After This Our Exile

After This Our Exile ★★★★½

I watched this film because I need to think about the relationship between the father-and-son relationship and Chinese-language cinema. I am unprepared for this. This is an allegory of Hong Kong after its handover in 1997. Here are 4 clues:

1) Opening/ Framed narrative:

Patrick Tam in the opening insert a message, hoping the audience can find something "touching," "meaningful," and "enduring reflection."

2) Title:

The title of this film is "After This Our Exile" - when you look at the Chinese title, it should be "Father and Son" - but it's a very different title in English translation. A similar instance is Ann Hui's Ordinary Heroes (Chinese: Ten Thousands Words)

3) Characterisation:

The evilness and moral downfall of the father can be read as capitalism or HK taking advantage of the PRC after handover in 1997; SARS in 2003; and CEPA (the co-production film era) beginning in 2004 - On the surface he is greedy for money and sex - very much like the Freudian ego; and the son, supergo. They come together and represent HK as a whole - very split, love/hate the PRC at the same time by perhaps the same group of people

- Ah Lin (Charlie Young) is a Cantonese-speaking, mumsy prostitute. She's very much like the British government. While A-fong (Kelly Lin) is a Mandarin-speaking, attractive but less motherly prostitute. She alludes to the Central government.

- I only realised that this's a political allegory when the Ah-Sing (Aaron Kwok)'s sequence of having sex with A-fong is parallel-cut with those of Ah Lin. This's significant. That can be read as Ah-Sing's reminiscence of his past with Ah Lin, that he (HK) blames and abuses (the British government). But he misses her after she departs (handover).

- The son lingers with his relationship with his biological mother (Charlie Young/Ah Lin), quite resembles how the HK people missing his colonial government

4) Setting:

It's very clever for Tam to set the film in Malaysia - part of the reason is HKers' aversion towards the mainland locale and people; another part of the reason is that Malaysia is multilingual so it makes sense for Charlie Young to speak Cantonese and Kelly Lin to speak Mandarin. Even when the film is dubbed in Mandarin for the mainland, it won't sound awkward.

- One thing that is very peculiar - Ah Lin's newfound husband is played by Aaron Kwok (the man she runs away from). I am sure this can be interpreted in multiple ways, e.g. Tam perceives that the perfect match between the colonial government and the better side of HK is a better match than the capitalistic side of HK on its own after the handover?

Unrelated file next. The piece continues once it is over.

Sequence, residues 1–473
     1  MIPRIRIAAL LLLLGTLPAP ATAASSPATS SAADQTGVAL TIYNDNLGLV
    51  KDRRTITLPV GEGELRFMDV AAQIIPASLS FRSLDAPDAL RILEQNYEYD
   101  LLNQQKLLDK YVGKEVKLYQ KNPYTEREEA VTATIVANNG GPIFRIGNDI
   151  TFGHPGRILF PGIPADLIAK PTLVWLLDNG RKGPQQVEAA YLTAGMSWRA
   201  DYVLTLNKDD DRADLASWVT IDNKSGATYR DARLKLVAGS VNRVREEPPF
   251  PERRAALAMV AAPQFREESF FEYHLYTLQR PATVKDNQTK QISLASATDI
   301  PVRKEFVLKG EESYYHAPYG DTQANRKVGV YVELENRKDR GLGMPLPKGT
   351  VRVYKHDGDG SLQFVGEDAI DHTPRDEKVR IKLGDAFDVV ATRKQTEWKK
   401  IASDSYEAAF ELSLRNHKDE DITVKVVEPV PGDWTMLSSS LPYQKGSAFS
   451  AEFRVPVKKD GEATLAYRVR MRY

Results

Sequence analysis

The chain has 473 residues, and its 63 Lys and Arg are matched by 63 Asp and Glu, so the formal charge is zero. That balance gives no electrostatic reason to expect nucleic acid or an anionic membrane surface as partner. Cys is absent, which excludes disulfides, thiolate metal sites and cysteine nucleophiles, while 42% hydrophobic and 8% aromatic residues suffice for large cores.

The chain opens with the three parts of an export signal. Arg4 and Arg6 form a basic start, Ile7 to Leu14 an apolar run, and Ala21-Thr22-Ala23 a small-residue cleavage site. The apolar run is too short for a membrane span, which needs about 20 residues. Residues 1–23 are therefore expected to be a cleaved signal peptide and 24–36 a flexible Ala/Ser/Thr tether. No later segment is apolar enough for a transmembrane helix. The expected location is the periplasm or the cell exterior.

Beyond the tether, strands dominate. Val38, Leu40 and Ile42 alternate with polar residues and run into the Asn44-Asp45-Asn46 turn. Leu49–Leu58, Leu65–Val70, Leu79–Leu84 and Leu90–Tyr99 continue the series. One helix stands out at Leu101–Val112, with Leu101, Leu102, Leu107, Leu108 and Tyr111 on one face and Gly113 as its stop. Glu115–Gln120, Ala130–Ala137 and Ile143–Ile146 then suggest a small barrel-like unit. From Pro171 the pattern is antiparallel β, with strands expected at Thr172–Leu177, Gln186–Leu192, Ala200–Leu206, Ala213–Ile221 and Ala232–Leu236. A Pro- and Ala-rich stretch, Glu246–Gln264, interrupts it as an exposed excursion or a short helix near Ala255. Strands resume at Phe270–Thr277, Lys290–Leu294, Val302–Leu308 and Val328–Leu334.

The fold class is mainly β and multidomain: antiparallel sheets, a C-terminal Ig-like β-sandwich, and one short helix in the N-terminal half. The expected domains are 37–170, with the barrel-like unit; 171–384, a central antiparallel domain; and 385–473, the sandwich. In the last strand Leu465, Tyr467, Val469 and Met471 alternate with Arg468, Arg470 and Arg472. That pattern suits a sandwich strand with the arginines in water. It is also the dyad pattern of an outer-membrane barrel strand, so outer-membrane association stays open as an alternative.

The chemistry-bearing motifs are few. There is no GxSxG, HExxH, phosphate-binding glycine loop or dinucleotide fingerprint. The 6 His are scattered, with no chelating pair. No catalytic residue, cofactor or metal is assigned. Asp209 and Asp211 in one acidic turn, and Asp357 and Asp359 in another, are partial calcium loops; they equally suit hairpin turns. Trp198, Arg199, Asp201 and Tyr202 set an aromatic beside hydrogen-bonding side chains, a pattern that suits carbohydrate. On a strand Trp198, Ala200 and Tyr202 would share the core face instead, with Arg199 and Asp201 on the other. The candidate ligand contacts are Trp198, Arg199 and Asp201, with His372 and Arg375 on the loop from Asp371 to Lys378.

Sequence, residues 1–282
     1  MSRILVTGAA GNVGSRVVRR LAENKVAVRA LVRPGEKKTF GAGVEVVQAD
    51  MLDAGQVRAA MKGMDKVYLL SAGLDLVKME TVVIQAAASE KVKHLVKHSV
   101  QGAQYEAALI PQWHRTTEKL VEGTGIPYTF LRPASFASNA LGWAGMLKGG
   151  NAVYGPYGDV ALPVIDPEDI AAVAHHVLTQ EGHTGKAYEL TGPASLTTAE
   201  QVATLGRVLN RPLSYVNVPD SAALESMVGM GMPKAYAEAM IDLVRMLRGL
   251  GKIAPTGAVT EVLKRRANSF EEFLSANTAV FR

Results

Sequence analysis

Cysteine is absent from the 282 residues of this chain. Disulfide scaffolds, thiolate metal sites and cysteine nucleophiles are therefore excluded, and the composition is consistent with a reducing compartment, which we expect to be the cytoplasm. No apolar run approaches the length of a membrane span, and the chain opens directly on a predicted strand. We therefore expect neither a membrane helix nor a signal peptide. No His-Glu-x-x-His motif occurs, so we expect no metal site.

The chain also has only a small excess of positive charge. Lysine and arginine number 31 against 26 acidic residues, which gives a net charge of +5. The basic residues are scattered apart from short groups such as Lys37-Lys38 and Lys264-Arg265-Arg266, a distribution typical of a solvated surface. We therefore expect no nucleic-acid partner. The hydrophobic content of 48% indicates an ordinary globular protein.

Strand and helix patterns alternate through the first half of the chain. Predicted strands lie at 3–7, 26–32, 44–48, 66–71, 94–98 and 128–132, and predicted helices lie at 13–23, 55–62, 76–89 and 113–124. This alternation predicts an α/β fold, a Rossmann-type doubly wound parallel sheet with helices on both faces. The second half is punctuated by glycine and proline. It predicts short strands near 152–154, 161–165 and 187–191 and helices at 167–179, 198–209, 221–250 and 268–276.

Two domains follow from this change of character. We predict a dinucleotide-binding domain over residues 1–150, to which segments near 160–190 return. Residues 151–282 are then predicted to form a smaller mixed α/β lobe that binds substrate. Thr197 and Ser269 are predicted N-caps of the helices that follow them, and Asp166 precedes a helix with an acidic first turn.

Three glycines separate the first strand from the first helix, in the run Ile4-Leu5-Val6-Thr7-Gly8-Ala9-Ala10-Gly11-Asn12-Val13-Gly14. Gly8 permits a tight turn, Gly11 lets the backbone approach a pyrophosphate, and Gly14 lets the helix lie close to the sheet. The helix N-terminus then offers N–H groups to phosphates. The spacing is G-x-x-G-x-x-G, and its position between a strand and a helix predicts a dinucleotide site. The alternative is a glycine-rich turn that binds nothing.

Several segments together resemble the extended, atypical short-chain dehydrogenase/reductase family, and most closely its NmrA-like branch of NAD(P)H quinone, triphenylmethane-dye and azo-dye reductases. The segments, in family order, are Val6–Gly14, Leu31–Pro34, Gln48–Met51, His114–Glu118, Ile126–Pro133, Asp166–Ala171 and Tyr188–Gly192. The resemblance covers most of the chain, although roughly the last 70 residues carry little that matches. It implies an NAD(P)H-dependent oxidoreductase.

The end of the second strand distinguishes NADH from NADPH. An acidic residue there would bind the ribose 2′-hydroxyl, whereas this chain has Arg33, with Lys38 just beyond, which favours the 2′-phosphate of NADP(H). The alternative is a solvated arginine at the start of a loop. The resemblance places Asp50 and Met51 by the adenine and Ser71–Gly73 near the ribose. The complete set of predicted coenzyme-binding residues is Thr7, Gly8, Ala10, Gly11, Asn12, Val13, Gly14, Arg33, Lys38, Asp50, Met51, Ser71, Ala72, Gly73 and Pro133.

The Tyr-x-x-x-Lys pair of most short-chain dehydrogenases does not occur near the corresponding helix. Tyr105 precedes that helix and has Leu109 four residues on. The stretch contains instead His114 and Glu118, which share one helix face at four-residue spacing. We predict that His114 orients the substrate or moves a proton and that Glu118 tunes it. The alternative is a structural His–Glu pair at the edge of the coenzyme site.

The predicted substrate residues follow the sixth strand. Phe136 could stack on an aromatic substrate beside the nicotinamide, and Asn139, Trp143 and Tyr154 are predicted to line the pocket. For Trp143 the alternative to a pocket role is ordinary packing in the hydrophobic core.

Not all characters need to fit into the picture of the allegory because this isn't a national allegory but an incomplete, political allegory.

These aside, Tam's casting is very accurate, the boys are adorable, Aaron Kwok plays himself - a masculine, crude, patriarchal man enjoys money and sex, and almost has some relevance to the mad killers in Tam's New Wave period's films. The cinematography by Mark Lee Ping-bun towards the end is gorgeous, and the camera angles are spot-on, esp. those POV shots.

You can feel that this is an OK family running downhill that expresses the frustration and tragedy after the handover/ 1997. Although the ending is more positive, all in all this is a very HK film because you need to place it into the context of HK to read it.

On these allegorical levels, this film can be juxtaposed with Fruit Chan's more vulgar and obvious analogue (I hesitate to call those allegories) - The Midnight After (2014) - for the gloominess and uncertainty it alludes; and more recently, Three Husbands (2018) - I haven't watched it but read about it but the British/mainland prostitution analogue is spot on.

Having said all these, I'd prefer Tam to cut this film shorter - like the ending is a bit dragging. Using 2.5 h to get his point across is a bit too much for seasoned audience like me. If audience get it, they get it; vice versa.

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